As for Hussein, no less an authority than the aforementioned “former man of the left” and now the far right, Hitchens, has acknowledged that “The United States had at least a hand in the coup that brought Saddam to power. It encouraged him in his attack on Iran. At the very time of his worst conduct in Kurdistan, Washington was his best friend. When he plotted to straighten the Kuwaiti frontier in his favour, he was given the greenest of lights.”

The US provided the Iraqi regime with the ingredients for its biological weapons program and looked on approvingly when Hussein used chemical weapons against Iranian forces and minority populations in the late 1980s.

Absent from Kelly’s litany is the one word that goes to the heart of the US drive to conquer and dominate Iraq—oil. To mention it would point to the fact that the coming invasion is a war of imperialist plunder, against a historically oppressed former colony.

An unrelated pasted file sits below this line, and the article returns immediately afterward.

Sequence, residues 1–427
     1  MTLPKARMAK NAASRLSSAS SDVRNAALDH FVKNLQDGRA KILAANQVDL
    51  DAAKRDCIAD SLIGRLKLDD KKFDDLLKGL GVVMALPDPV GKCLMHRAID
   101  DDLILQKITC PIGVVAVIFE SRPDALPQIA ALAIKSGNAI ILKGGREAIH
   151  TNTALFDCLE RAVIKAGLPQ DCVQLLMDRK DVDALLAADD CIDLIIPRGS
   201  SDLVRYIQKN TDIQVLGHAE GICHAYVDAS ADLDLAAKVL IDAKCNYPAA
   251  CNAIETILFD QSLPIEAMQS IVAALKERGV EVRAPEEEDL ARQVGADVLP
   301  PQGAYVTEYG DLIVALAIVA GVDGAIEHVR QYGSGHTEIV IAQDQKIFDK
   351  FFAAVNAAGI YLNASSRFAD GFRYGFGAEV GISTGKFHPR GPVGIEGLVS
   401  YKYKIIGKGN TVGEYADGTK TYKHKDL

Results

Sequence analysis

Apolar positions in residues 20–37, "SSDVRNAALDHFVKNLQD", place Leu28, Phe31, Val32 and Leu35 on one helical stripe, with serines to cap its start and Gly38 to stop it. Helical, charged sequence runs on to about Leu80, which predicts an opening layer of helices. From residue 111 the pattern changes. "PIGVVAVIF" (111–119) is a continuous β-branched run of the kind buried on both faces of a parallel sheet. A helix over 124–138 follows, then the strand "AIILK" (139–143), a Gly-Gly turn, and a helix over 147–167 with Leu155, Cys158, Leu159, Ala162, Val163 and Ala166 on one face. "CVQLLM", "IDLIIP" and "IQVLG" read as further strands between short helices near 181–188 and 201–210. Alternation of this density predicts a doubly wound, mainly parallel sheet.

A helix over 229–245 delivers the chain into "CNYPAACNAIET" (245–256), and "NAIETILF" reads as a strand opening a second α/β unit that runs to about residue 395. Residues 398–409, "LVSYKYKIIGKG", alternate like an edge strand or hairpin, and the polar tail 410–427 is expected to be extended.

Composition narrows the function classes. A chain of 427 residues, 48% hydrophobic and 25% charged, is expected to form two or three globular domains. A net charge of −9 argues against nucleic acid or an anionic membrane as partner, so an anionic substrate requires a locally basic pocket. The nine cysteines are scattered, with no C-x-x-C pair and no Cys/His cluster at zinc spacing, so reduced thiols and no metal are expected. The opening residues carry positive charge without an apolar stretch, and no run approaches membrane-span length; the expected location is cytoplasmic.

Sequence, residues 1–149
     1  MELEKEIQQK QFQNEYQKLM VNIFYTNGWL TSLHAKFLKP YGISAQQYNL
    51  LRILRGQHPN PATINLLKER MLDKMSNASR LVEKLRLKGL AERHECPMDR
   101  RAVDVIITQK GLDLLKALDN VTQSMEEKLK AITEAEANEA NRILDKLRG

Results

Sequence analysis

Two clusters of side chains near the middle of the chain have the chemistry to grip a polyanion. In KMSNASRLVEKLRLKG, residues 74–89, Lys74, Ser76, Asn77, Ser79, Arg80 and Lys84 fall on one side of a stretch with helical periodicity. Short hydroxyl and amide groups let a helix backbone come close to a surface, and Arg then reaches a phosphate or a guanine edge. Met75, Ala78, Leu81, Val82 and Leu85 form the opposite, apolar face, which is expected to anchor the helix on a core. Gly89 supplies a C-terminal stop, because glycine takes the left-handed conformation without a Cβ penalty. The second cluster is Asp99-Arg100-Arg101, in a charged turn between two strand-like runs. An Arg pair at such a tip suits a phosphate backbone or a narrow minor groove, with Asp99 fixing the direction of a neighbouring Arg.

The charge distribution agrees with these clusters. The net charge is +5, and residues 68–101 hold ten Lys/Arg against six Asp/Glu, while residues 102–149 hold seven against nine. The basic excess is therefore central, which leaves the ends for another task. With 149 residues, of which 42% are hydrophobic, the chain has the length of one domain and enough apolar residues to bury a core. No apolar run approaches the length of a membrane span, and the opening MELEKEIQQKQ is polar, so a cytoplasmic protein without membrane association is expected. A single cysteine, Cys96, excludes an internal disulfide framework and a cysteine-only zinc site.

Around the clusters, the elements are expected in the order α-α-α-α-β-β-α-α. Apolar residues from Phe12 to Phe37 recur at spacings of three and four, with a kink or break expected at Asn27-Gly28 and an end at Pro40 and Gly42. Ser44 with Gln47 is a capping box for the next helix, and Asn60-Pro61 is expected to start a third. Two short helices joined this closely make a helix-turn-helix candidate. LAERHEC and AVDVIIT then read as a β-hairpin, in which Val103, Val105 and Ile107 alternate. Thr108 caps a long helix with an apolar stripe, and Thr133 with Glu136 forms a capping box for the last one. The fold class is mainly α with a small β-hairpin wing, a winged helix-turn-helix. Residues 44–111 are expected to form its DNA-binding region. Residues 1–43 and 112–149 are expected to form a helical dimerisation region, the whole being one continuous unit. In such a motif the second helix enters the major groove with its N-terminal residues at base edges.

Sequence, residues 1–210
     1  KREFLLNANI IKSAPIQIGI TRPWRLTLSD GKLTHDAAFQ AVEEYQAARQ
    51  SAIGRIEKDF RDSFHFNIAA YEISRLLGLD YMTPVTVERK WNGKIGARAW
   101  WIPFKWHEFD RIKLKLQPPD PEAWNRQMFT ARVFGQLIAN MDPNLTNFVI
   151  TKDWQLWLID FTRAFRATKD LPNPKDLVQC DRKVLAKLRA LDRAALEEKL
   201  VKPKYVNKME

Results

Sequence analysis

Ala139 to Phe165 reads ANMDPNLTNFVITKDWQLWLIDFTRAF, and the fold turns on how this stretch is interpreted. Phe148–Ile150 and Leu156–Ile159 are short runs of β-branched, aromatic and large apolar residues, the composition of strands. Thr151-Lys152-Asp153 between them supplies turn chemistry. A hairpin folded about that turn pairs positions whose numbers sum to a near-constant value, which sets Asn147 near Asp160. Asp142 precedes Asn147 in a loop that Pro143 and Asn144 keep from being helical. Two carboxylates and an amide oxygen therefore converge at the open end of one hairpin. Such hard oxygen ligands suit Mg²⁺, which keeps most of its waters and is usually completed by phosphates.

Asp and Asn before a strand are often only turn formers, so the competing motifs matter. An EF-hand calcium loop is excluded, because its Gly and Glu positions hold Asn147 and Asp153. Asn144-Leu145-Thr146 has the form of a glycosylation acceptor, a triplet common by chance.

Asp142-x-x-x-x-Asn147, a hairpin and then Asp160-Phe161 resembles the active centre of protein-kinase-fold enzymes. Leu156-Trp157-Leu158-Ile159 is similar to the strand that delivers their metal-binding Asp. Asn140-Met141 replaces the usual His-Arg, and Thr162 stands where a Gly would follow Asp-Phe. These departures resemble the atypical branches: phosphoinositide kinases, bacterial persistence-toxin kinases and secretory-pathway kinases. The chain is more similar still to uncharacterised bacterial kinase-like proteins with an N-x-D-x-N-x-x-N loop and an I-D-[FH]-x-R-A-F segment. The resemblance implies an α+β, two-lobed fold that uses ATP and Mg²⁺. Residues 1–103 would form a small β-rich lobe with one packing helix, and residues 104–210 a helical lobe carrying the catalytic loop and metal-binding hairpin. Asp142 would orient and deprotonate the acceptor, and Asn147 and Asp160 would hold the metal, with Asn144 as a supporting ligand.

“Liberalism,” “progressivism,” “democracy,” “freedom”—the invasion of Afghanistan embodied these noble principles? Who is kidding whom? Leaving aside the inconvenient fact that conditions in Afghanistan today are as wretched as they were under the Taliban—essentially one set of warlords has replaced another—and that the Saudi regime, which practices a form of Islamic fundamentalism as reactionary as the Taliban’s, has been kept afloat by the US for decades, there is the matter of American imperialism’s record around the globe.

Washington has been the principal pillar of support for police-state regimes and their hired torturers and murderers for decades, from the CIA-backed governments in South Korea and Taiwan to the monstrous Shah of Iran, to the “death squads” of Central America and the military butchers in Chile and Argentina.